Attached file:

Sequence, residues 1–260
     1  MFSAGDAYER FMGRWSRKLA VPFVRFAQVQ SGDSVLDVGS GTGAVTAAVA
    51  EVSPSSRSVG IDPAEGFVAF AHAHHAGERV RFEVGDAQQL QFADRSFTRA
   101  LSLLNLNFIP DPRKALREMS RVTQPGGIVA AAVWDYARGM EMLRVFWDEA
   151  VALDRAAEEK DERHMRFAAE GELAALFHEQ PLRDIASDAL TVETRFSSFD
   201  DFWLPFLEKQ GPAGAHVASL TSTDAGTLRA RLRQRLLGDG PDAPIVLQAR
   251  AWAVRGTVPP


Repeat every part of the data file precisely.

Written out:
Sequence, residues 1–260
     1  MFSAGDAYER FMGRWSRKLA VPFVRFAQVQ SGDSVLDVGS GTGAVTAAVA
    51  EVSPSSRSVG IDPAEGFVAF AHAHHAGERV RFEVGDAQQL QFADRSFTRA
   101  LSLLNLNFIP DPRKALREMS RVTQPGGIVA AAVWDYARGM EMLRVFWDEA
   151  VALDRAAEEK DERHMRFAAE GELAALFHEQ PLRDIASDAL TVETRFSSFD
   201  DFWLPFLEKQ GPAGAHVASL TSTDAGTLRA RLRQRLLGDG PDAPIVLQAR
   251  AWAVRGTVPP